Spring Allergies: Worst U.S. Cities
Hartford, Conn. Tops Foundation's List; Greenville, S.C. in 2nd Place
April 19, 2006 -- Spring is prime time for allergies, and certain U.S. cities are harder hit
than others, according to the Asthma and Allergy Foundation of America
Every year, the AAFA lists the 10 worst cities for springtime allergies.
Here are the top 10 cities on this year's list, along with last year's
- Hartford, Conn. (last year: 49)
- Greenville, S.C. (last year: 6)
- Boston (last year: 47)
- Detroit (last year: 80)
- Orlando, Fla. (last year: 56)
- Knoxville, Tenn. (last year: 11)
- Omaha, Neb. (last year: 17)
- Sacramento, Calif. (last year: 62)
- Washington, D.C. (last year: 16)
- Baltimore (last year: 58)
Curious about where your city ranks? The full list can be found at the end
of this story.
About the List
The top cities on last year's list were located in the Southeast. But
allergies are a nationwide problem, and the rankings can change from year to
year. For instance, last year's leader -- Lexington, Ky. -- is in the 75th spot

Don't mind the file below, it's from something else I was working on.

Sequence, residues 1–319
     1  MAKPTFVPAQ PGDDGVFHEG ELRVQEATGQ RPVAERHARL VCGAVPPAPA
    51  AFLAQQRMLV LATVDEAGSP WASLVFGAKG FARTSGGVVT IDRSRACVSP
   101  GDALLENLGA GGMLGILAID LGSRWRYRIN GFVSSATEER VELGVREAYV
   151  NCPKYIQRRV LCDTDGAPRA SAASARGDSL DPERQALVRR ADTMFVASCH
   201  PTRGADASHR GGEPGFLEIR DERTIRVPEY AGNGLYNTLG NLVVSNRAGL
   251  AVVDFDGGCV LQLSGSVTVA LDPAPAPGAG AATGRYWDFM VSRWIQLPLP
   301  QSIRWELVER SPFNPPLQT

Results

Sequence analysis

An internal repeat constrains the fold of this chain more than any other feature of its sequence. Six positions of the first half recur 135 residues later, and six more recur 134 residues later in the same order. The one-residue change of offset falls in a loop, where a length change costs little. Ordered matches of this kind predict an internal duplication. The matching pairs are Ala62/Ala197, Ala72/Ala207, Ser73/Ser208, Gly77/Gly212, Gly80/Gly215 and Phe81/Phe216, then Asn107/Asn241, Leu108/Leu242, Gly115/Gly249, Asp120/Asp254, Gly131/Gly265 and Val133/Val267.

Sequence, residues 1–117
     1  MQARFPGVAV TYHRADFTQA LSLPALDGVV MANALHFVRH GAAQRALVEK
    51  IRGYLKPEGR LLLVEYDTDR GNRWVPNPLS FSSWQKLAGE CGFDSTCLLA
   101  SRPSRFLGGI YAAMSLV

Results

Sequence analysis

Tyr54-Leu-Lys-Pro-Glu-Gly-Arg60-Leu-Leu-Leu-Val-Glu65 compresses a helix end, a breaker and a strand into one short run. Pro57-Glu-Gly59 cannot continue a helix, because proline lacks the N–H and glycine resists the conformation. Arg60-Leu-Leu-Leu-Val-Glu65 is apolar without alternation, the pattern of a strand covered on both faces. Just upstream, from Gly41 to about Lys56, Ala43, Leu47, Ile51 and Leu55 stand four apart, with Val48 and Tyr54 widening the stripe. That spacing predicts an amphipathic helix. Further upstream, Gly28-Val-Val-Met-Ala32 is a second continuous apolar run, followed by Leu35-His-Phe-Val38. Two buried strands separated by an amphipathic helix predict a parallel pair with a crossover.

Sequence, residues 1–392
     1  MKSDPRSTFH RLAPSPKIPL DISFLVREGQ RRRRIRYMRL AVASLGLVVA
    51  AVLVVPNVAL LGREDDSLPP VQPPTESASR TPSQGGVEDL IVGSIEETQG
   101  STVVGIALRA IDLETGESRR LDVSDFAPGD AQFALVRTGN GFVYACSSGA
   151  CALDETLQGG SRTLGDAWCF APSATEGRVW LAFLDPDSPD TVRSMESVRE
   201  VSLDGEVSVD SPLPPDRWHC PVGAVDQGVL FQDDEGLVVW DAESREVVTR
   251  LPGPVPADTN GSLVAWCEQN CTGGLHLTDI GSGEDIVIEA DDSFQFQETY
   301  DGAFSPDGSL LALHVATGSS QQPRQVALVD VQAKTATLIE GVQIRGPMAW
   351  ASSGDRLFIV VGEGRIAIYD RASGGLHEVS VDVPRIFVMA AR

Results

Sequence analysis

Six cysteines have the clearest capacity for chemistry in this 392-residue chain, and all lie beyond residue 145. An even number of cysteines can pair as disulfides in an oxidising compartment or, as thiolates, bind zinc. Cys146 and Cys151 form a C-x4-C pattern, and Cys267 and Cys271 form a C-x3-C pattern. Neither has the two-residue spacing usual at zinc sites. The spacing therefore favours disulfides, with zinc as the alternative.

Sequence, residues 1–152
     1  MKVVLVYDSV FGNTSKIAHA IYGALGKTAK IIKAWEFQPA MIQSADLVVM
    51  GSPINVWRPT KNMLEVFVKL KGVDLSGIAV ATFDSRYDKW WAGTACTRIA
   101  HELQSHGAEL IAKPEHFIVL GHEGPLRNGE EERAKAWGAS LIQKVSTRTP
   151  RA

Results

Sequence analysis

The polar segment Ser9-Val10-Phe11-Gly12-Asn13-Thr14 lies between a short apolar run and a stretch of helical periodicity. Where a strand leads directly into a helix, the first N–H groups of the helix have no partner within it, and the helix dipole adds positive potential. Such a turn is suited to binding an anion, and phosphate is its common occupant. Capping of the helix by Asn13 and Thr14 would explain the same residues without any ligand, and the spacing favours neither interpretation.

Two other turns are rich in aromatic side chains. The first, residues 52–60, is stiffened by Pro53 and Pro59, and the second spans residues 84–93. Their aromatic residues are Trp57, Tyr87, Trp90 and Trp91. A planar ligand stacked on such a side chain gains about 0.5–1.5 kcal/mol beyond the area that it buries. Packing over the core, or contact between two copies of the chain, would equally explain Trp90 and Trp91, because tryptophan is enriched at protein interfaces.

on this year's list.
Rankings are based on three factors: pollen scores, the number of allergy
medications used per patient, and the number of allergy specialists per
Funding for the AAFA's new list came from Procter & Gamble,
Schering-Plough, and pollen.com.
Procter & Gamble makes allergen-reducing products. Schering-Plough makes
a prescription nasal spray for nasal allergy symptoms. Pollen.com is a division
of Surveillance Data Inc., a private company that researches health care and
consults for the pharmaceutical and consumer products industries.
Consult a doctor to get your allergies diagnosed and treated.
If you're allergic to pollen, close the windows at home and in your car. If
you need to cool down, run the air conditioning instead of opening the windows.
Put the air on "recirculate" so you're not bringing in outside air
filled with pollen.
As many as 50 million people in the U.S. have allergies, and nearly 36
million of them have hay fever (a seasonal allergy to pollen), according to the
American Academy of Allergy, Asthma & Immunology.